Chapter 6 of the Thesis
Reason: The last chapter of the Thesis is under review for peer-reviewed journal publication.
until file(s) become available
LUMINANCE MONITORING AND DAYLIGHTING CONTROL IN BUILDINGS USING LOW-COST CAMERAS
Daylighting has a significant impact on occupants, including not only visual comfort and visual task performance but also on workplace satisfaction and psychophysiological responses such as alertness, mood, and circadian rhythm. Intelligent, dynamic control of daylight via a building automation system is therefore crucial to maximizing the positive impacts of daylight provision in perimeter offices. However, existing daylight-linked controls (DLCs) lacks the fundamental ability to govern indoor luminous condition in a human-centric manner. It is mainly because the sensing technologies – such as ceiling-mounted photosensor - adopted in current DLCs are incapable of monitoring sufficient physical variables to suit such purpose. Hence, this Thesis aims to utilize a High Dynamic Range Imaging (HDRI) sensor in DLCs to unlock abilities to enhance human-centric features that have not been possible with conventional photosensors. The sensor, made of a low-cost programmable camera can capture a wide-area luminance distribution highly correlated with occupant visual perception, compared to conventional illuminance-based metrics.
This Thesis begins with a development of a window-mounted HDRI sensor for real-time detection of potential glare sources including the sun. The sensor can capture the full luminance distribution of the exterior scene visible through the window and identify and locate potential sources of glare. To overcome the pixel-overflow by the extreme luminance of the sun and to estimate the accurate 3D position of the glare sources, the HDRI sensor was upgraded into a new fisheye-stereovision sensor made of dual cameras with different exposures. Experiments in full-scale offices showed that the calibrated window-mounted HDRI sensor can efficiently identify and locate potential glare sources in real time. The daylight control implementation included integration with shading controls to mitigate the risk of glare and comparison with conventional shading operation.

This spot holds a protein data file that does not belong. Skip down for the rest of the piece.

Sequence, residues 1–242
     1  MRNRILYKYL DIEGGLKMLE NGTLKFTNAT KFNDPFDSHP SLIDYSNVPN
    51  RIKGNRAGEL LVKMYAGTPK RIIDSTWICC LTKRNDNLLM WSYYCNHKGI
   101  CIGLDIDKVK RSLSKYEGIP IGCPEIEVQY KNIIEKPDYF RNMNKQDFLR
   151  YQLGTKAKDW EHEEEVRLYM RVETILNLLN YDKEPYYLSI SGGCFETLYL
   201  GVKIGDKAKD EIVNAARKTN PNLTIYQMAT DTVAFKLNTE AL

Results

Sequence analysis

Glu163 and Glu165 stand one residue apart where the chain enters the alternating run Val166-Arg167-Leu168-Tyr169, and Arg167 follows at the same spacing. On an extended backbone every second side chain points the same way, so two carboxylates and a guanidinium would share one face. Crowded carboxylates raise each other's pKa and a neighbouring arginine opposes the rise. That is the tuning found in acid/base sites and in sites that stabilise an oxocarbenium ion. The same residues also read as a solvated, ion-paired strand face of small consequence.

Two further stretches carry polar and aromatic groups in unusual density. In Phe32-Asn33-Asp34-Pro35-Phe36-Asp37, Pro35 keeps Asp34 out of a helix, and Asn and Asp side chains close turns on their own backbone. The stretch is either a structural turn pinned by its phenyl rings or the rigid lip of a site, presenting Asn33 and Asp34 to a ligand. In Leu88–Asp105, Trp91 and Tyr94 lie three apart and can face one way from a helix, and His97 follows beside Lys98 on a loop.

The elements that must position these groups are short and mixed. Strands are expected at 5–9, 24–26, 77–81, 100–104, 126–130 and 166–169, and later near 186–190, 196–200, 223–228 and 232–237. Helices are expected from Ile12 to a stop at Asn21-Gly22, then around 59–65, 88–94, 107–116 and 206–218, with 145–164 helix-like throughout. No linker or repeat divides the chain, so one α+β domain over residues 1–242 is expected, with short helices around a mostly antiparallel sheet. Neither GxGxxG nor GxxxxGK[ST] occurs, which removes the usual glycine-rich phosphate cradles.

Monitoring of indoor luminance distribution is equally important for human-centric DLCs. There are practical challenges in utilizing the HDRI sensor for monitoring luminance distribution perceived from the occupant perspective. Therefore, a new framework was developed for non-intrusive monitoring of luminance distribution perceived from occupant field-of-view (FOV), using a fisheye HDRI sensor installed at a non-intrusive position. The framework leverages the state-of-the-art photogrammetry (Structure-from-Motion – Multiview Stereo) pipeline to automatically reconstruct 3D surfaces of the room, which will be used for re-projection of luminance map captured by HDRI sensor into occupant FOV.
To validate the performance of the framework, a systematic performance evaluation was conducted in a real-office experiment under variable lighting conditions to compare the re-projected luminance maps and the actual luminance measurement captured from occupant positions.